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Monday, March 21, 2016

Buyback Performance Demystified

Earlier this month, in my post Stock Buybacks Demystified I attempted to remove some of the mystery surrounding buybacks, showing they are no different from an economic perspective (if you ignore the impact of taxes and the effects of signaling) than dividends. Given the recent outperformance of dividend paying stocks (as defined by those in the S&P 500 Dividend Aristocrat index) vs. stocks engaged in buybacks (as defined by those in the S&P 500 Buyback index) over the last year, I thought it might be helpful to demystify what has driven the recent outperformance of dividend stocks, share the historical performance of each, and outline some forward expectations for relative performance given where we currently sit.


Background: Buybacks have consistently outperformed since inception 

The first chart shows the growth of $1 invested in dividend stocks vs $1 invested in buyback stocks going back to the inception of the S&P 500 buyback index in early 1994. What we see is pretty consistent underperformance of dividend paying stocks over time that has compounded to 2% / year outperformance of the buyback stocks since inception (note both have outperformed the S&P 500). 


Background: Relative performance is highly mean-reverting
The second chart shows the relative performance of dividend stocks less buyback stocks over 12-month rolling periods going back to the inception of the S&P 500 buyback index. What we see is:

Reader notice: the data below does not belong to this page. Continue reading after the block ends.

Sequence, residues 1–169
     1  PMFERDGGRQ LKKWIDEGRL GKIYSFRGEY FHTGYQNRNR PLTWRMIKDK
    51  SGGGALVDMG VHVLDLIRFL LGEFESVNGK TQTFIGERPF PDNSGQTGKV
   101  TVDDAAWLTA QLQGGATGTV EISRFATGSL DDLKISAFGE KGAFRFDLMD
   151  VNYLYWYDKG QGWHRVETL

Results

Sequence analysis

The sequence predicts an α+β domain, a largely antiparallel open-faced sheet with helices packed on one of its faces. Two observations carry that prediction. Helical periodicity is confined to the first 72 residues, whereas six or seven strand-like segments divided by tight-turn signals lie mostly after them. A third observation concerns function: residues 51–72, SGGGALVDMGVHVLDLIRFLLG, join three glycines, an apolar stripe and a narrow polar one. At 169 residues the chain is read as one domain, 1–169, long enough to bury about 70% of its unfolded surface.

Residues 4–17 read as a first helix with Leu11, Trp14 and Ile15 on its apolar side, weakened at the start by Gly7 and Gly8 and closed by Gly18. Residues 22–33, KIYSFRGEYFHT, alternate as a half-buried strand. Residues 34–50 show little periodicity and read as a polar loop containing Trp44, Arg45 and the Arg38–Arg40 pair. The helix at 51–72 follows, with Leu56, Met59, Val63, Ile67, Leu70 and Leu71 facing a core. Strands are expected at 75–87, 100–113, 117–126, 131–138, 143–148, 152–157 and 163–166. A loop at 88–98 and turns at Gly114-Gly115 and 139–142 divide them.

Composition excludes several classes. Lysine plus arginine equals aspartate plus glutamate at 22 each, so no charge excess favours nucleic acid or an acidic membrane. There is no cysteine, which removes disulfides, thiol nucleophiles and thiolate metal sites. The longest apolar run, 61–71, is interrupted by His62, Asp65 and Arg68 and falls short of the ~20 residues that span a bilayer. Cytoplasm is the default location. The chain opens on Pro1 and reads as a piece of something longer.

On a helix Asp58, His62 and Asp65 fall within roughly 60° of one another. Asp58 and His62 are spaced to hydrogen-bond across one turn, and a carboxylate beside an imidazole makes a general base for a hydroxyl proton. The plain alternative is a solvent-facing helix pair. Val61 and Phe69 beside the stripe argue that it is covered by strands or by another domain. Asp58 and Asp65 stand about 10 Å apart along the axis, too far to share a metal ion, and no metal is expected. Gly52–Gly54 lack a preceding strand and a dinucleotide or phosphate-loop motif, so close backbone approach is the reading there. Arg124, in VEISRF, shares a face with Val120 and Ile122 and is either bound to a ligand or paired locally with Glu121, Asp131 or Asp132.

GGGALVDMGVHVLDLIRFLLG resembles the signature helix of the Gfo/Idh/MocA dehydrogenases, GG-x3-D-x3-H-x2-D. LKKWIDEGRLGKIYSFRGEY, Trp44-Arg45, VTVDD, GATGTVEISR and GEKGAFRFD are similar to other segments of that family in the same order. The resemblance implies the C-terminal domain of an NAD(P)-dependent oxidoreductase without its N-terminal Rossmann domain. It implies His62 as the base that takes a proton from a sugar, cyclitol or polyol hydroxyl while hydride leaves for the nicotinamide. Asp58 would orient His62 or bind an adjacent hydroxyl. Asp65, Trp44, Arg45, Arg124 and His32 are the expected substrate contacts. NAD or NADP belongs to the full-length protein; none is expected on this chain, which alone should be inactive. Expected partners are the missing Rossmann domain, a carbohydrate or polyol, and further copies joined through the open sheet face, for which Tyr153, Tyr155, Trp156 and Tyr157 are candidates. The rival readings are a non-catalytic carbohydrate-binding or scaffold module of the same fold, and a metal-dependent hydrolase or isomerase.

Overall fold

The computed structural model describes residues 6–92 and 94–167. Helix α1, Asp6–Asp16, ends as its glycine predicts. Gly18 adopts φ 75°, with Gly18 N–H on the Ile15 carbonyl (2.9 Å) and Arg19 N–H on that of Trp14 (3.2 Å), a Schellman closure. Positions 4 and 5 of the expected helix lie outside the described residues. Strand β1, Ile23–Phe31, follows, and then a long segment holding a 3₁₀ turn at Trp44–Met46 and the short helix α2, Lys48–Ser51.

• Pretty consistent underperformance of dividend paying stocks (most of the relative return series is negative) 
  • Mean-reversion characteristics (when one outperforms the other materially, it tends to bounce the other direction pretty quickly)
  • Dividend outperformance during periods of market stress 

Why have dividend stocks outperformed recently? Valuation differences
In addition to market stress that favors dividend stocks, the change in relative valuations have driven dividend stocks (i.e. it's been seemingly more technical than fundamental). The chart below shows valuations (i.e. P/E) of the dividend and buyback indices as of month-end February and as of a year ago. While dividend stocks were richer by this measure even a year ago, valuations among dividend stocks have held up pretty well. On the other hand, valuations among buyback stocks have gotten materially cheaper, driving the relative underperformance of buyback stocks and creating a huge valuation gap between the two. 


What now? 
The final chart shows the impact of shorter-term (12-month) relative performance between dividend and buyback indices on longer (3-year) forward relative performance. We can see:
  • Pretty consistent underperformance of dividend paying stocks over most three year periods 
  • Mean-reversion characteristics kicking in when dividend stocks have outperformed by the 10% level they have over the last 12-months (when dividend stocks have outperformed by 10% or more over a 12-month time frame, they have underperformed by an average of 6.4% / year for the next three years)

Takeaway
Neither dividend stocks or buyback stocks outperform in all periods or market environments, but under the view that the underlying economy appears to be holding up, current valuations, the historical outperformance of buyback stocks, the mean-reversion characteristics of buybacks (following recent dividend outperformance), and certainly the tax efficiency of buybacks all seem to support a tilt toward buybacks.